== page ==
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Recognized Leaders

Northwestern welcomes annual donors to its new Leadership Circle.


To honor alumni for their generous annual support of their alma mater, Northwestern has created the Northwestern University Leadership Circle, a University-wide donor recognition society for those who contribute $1,000 or more every year to Northwestern.

“The Leadership Circle recognizes the important role of our committed community of donors,” says Sarah Pearson, vice president for the Office of Alumni Relations and Development. “Their gifts assist our students and faculty every day and help make Northwestern the preeminent research and teaching institution it is today.”

In addition to the benefits alumni receive from the school-based giving societies to which they currently contribute, donors who give at the Leadership Circle level will receive invitations to exclusive events in major cities throughout the country as well as newsletters that detail the impact leadership gifts have on students and faculty.

“At the same time donors support their respective schools, they’ll have additional access to the University through the Leadership Circle,” says Christine Olson Robb (WCAS66), a member of the Leadership Circle task force and chair of the Mary and Leigh Block Museum of Art board of advisers. “They can get an inside look at the progress Northwestern’s making across many disciplines.”

To bring undergraduate young alumni into the Northwestern University Leadership Circle, members of the classes of 2003–06 can join with an annual gift of $100 or more to Northwestern, and young alumni in the classes of 1998–2002 can be recognized as Leadership Circle members with a gift of $300 or more annually. Also, these gifts can be made gradually throughout the year, rather than in one lump sum.

“As students, many young alumni were actively involved in causes such as Dance Marathon and Special Olympics,” says J. Paul Lussow (WCAS98), young alumni chair of Northwestern’s Annual Fund. “Leadership Circle gives them a chance to continue that spirit of giving back and introduces them to philanthropy.” He adds that membership also gives recent graduates the added benefit of access to alumni who are leaders in their professions.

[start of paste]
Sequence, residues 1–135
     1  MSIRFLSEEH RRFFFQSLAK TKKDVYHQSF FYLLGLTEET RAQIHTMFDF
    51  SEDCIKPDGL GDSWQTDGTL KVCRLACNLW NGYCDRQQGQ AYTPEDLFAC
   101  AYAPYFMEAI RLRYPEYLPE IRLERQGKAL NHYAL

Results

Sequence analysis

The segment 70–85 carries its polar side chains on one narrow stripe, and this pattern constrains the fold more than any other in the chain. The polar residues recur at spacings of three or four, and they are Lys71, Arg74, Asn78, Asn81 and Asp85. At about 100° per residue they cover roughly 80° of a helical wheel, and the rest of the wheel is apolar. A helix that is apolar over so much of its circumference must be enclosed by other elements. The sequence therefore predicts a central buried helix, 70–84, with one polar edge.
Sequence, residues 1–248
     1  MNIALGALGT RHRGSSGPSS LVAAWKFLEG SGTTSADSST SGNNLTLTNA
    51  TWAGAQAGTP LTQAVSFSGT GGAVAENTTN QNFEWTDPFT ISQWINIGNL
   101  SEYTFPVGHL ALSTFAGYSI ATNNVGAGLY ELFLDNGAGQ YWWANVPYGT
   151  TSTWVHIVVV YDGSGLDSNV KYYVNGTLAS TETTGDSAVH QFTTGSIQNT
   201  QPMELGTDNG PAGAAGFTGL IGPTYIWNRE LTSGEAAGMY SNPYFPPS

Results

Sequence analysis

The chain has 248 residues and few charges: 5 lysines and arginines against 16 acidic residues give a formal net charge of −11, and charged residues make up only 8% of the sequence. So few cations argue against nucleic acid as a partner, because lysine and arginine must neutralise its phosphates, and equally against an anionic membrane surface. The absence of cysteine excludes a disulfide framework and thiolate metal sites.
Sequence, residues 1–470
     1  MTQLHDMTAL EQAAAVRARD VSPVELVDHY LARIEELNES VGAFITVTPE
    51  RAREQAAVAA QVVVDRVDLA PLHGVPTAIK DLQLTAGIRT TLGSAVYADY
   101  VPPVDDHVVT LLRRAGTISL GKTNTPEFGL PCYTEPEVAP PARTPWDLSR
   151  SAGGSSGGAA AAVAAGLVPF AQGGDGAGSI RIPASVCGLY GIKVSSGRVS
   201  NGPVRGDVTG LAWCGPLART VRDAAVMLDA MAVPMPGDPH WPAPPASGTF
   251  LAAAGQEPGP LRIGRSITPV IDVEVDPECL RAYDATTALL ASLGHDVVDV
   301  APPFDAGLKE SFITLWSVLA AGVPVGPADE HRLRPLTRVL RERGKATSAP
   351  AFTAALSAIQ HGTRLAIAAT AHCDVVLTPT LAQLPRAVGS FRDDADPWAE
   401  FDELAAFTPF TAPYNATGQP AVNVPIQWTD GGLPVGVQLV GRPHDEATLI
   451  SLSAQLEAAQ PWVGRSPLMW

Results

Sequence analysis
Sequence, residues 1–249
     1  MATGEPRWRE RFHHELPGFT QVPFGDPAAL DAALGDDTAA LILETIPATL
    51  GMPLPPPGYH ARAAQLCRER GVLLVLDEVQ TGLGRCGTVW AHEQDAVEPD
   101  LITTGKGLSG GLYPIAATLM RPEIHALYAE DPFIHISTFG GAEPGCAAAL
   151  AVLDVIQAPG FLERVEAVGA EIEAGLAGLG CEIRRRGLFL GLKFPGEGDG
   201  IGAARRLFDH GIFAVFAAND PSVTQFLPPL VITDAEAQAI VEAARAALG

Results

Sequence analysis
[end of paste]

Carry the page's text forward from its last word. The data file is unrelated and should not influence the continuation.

In September President Henry S. Bienen, Board of Trustees chair Patrick Ryan (EB59) and Chicago Regional Council co-chair Carole Browe Segal (WCAS60) welcomed Leadership Circle members at a gala at Chicago’s Peninsula Hotel to launch the new society. Members heard presentations from distinguished members of the University community, including Kelly Amonte Hiller, head coach of the back-to-back NCAA national champion women’s lacrosse team, opera singer and 2006 Metropolitan Opera National Council Auditions Grand Finals winner Paul Corona (Mu06) (see “Voice of a Star,” fall 2006), and David Kelso (GMcC72, 74), associate professor of biomedical engineering, who is leading a team of experts to develop and produce affordable diagnostic devices for infectious diseases plaguing developing countries (see “Early Diagnosis Equals Early Treatment”).

In October members were honored in New York City. In March Northwestern will honor Leadership Circle members in San Francisco.

For more information about the Northwestern University Leadership Circle, visit

Chris Combe (WCAS70), left, national chair of Northwestern
Chris Combe (WCAS70), left, national chair of Northwestern's Annual Fund, and Chris Olson Robb at the Leadership Circle gala. Photo by Mary Hanlon
Liz and Bob Hayward (C94, L97) and Sally Madden Hayward (SESP61) at the September Leadership Circle event.
Liz and Bob Hayward (C94, L97) and Sally Madden Hayward (SESP61) at the September Leadership Circle event. Photo by Mary Hanlon